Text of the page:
Here are some more micro mammal teeth, jaw fragments and claws and reptile micros including lizard jaw fragments, vertebrae and osteoderms and a snake vertebra from the M&M Ranch in Nebraska. These specimens are from ant hill matrix, from my May 2016 trip and from ant hill matrix that my son Mel collected a few years earlier, from an area of the ranch where the top foot or so is Oligocene Brule Formation covering Eocene Chadron Formation. The first jaw fragment and Osteoderm (skull fragment) with two views shown are definitely different from those that I found in ant hill matrix from areas of the ranch that were strictly Oligocene. However most of the other specimens really didn't look different. That could be because most of the specimens in the ant hill matrix came from the overlying Oligocene Brule Formation layer, or there really wasn't a massive small species change over the Eocene/Oligocene boundary or I'm just unable to recognize the differences.
If you mouse over the pictures you will see the file name which has the specimen size and my best effort at identification. I'm currently reviewing a number of papers so I can eventually id more of these specimens (thank you Eric).
Here are the group pictures of the nicer specimens from my May 2016 trip and from Mel's earlier trip from the Eocene/Oligocene area of the ranch. I could have taken many more individual pictures but just ran out of time and energy. Clique the photo to see an enlarged version.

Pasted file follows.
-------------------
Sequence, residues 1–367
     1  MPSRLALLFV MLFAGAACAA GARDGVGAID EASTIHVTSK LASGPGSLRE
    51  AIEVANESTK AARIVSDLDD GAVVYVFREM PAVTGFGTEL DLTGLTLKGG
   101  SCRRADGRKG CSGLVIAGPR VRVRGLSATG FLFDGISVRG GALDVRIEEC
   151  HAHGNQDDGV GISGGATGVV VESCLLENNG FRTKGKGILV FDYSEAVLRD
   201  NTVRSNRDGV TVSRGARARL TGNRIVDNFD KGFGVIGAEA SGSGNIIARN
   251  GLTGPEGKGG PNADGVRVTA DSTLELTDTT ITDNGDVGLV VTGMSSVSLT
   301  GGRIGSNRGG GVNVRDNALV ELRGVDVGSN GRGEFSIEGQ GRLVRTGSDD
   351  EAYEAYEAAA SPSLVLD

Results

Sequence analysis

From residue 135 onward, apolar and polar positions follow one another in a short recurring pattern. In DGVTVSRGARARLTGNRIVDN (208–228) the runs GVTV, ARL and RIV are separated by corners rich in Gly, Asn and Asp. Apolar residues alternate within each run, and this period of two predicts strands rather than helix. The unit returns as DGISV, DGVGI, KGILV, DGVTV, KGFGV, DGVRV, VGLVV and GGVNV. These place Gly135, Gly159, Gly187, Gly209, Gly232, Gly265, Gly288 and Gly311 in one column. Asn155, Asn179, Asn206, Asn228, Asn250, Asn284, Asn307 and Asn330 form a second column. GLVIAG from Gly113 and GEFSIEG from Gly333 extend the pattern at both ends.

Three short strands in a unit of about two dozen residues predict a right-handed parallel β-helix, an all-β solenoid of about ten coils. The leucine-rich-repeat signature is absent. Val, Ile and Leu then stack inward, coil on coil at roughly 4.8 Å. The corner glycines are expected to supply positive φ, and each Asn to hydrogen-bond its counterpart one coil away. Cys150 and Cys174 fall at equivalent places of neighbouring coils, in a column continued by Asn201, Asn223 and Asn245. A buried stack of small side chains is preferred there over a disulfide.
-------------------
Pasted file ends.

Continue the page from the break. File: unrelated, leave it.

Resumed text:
The two most interesting specimens found in this matrix are directly below.
rhineurid amphisbaenian jaw:
Here are some Mammal teeth:
Additional mammal teeth:
Here are some mammal jaw fragments. A lot of these jaw fragments are rodent.:
Here are a number of claws which are probably all from mammals:
Most of these lizard specimens are probably from Peltosaurus granulosus.
Here are some lizard jaw fragments:
Here are two lizard, Peltosaurus granulosus, osteoderms:
Here are front and back pictures of another lizard osteoderm with a different shape and surface texture from the ones above:
I found a good number of Lizard vertebrae. Here are a few:
I found a number of snake vertebrae. The one below is an example. Snake vertebrae are diagnostic and are used to describe and id different species of snakes. However, I don't have the expertise to id these any further. I'm pretty sure that this is an Eocene specimen because it is filled with typical Eocene matrix residue:
Here are a few vertebrae that I'm not 100% sure about: